It's Official: Feds Declare The Catamount Extinct

Jan 24, 2018

The U.S. Fish and Wildlife Service says there is no evidence that the catamount is still roaming in the Northeast, and the federal agency has officially removed the large cat from the federal endangered species list.

The U.S. Fish and Wildlife Service made a determination in 2015 about the eastern puma — commonly known as "the catamount" — and opened up the opportunity for public and peer comments.

This week the federal agency issued its final rule declaring that the eastern puma is extinct and took the animal off of the Federal List of Endangered and Threatened Wildlife.

Vermont Fish and Wildlife Commissioner Louis Porter says even though the federal designation comes as no surprise, it does require a moment of reflection.

"Any time you have to acknowledge that a subspecies or a population has disappeared, you know, that's a failure that we have to face up to and acknowledge," Porter said. "Our mission is to protect all species in the state and make sure that they aren't eliminated. The federal government has a mission of doing the same on a national scale. And so it is a somber, although not unexpected, development."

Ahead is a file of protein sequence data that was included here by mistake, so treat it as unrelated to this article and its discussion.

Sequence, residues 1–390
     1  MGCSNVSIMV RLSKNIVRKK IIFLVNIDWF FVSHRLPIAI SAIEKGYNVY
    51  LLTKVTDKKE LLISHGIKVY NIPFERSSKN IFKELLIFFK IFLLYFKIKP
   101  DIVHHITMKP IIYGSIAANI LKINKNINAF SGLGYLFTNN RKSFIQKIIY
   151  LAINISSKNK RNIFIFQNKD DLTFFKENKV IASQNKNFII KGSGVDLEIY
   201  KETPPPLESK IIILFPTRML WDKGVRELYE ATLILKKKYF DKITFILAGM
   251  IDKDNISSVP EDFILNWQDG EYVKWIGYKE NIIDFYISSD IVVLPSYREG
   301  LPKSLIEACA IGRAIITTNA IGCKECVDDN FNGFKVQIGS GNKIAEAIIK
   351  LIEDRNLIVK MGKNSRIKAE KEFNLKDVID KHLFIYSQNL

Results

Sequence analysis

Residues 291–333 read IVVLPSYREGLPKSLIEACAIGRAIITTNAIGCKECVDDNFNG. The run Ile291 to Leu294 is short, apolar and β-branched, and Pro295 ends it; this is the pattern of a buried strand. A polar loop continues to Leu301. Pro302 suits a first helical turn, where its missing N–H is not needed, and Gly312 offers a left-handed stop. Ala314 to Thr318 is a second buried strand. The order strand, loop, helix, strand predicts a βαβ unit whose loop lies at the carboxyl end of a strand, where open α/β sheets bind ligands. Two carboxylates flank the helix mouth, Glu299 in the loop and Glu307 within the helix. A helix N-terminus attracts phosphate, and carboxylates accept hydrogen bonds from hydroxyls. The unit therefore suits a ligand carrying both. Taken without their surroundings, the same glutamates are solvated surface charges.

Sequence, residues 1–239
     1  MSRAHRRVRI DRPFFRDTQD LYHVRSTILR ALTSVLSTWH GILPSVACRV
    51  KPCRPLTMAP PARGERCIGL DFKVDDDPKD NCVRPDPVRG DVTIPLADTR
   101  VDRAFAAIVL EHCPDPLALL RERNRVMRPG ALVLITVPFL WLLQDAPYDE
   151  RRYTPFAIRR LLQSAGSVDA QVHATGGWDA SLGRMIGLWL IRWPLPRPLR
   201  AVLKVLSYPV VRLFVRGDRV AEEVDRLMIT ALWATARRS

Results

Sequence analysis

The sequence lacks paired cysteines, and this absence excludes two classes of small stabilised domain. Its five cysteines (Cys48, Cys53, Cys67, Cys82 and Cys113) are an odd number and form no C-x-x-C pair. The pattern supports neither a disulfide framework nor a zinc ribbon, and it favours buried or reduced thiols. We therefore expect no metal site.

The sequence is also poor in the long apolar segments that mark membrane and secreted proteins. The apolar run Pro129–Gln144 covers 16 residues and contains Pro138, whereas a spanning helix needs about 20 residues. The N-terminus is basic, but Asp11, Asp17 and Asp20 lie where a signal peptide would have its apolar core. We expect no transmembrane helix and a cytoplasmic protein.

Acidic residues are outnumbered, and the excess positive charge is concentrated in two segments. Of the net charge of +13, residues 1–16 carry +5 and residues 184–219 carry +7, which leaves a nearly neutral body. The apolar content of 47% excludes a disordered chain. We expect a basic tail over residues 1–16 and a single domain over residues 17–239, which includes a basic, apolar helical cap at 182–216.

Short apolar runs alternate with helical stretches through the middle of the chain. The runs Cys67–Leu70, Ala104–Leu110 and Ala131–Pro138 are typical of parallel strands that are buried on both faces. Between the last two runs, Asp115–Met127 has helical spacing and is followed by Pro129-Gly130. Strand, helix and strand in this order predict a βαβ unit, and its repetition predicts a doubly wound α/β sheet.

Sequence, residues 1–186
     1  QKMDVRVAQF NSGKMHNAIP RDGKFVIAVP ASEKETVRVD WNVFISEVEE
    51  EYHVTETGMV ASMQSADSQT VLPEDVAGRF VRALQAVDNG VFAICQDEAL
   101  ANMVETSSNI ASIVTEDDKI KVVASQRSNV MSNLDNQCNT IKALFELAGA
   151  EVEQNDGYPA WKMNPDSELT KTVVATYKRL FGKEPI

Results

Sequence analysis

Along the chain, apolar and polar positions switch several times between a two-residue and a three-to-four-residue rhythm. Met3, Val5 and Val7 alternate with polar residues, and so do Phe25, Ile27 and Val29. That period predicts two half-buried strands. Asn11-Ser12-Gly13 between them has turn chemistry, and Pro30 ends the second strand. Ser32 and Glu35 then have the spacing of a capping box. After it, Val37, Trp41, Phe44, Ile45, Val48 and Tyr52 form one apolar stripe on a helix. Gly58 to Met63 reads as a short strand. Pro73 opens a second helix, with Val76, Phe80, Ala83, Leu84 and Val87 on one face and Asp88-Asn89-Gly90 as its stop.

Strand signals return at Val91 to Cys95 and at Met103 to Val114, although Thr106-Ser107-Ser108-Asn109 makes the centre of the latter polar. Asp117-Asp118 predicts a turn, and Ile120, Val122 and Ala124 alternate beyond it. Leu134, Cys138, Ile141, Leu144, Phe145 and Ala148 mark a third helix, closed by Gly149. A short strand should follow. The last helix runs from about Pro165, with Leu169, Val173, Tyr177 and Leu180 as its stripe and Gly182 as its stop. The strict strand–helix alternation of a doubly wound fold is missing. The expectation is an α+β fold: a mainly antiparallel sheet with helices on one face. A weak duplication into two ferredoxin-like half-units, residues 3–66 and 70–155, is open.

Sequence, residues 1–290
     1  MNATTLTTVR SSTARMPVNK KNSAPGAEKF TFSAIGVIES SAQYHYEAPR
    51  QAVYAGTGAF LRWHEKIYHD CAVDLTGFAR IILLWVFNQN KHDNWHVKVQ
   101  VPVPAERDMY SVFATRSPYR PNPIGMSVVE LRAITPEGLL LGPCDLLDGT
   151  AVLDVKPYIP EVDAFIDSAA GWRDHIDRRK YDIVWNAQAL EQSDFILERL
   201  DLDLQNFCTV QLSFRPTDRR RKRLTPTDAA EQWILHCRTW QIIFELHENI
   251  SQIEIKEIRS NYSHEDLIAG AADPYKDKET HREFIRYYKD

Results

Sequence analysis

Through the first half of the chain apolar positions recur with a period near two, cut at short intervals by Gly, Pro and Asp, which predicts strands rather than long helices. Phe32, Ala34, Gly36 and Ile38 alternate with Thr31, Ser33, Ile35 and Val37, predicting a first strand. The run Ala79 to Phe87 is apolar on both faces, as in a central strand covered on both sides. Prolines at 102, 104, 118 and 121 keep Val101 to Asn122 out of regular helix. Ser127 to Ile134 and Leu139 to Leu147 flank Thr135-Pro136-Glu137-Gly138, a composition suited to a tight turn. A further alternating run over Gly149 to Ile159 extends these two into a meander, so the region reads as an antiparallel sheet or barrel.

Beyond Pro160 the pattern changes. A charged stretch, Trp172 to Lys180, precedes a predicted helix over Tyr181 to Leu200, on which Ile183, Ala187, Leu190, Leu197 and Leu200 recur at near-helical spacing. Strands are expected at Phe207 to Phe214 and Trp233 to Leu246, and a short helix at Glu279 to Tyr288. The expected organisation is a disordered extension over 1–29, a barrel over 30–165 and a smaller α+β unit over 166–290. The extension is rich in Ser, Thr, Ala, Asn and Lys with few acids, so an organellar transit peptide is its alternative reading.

"Any time you have to acknowledge that a subspecies or a population has disappeared, you know, that's a failure that we have to face up to and acknowledge. ... And so it is a somber, although not unexpected, development." — Louis Porter, Vermont Fish and Wildlife commissioner

Once a specific animal is removed from the endangered species list and it is determined to be extinct, states can consider reintroducing other members of its species into the wild.

In a press release from the Center for Biological Diversity, conservation advocate Michael Robinson called on states in the northeast to consider bringing large cats back.

"We need large carnivores like cougars to keep the wild food web healthy, so we hope eastern and Midwestern states will reintroduce them," Robinson said in the release. "Cougars would curb deer overpopulation and tick-borne diseases that threaten human health."  

Porter says there have been no talks with nearby states to reintroduce western cougars into the wild here.

"It's not something we are considering or thinking about. A predator of this size can be involved in a lot of conflicts with people, or with livestock, so there's a potential with any predator of this size to have conflicts with humans," said Porter. "The territory that they need and the conditions they need would be difficult to find in Vermont. They need large pieces of unbroken land to roam."

Porter also says the catamount remains protected under Vermont law, even though U.S. Fish and Wildlife Service has removed it from the federal endangered species list.

The eastern cougar once roamed across the eastern U.S. and Canada. However the last catamount that was killed in Vermont was shot in 1881, and one killed in Maine in 1938 was the last killed in New England.

There was a cougar killed in Connecticut in 2011. But wildlife officials say the animal was most likely from South Dakota, and it traveled across the country, through New York state, before it was hit by a car on the highway about 70 miles north of New York City.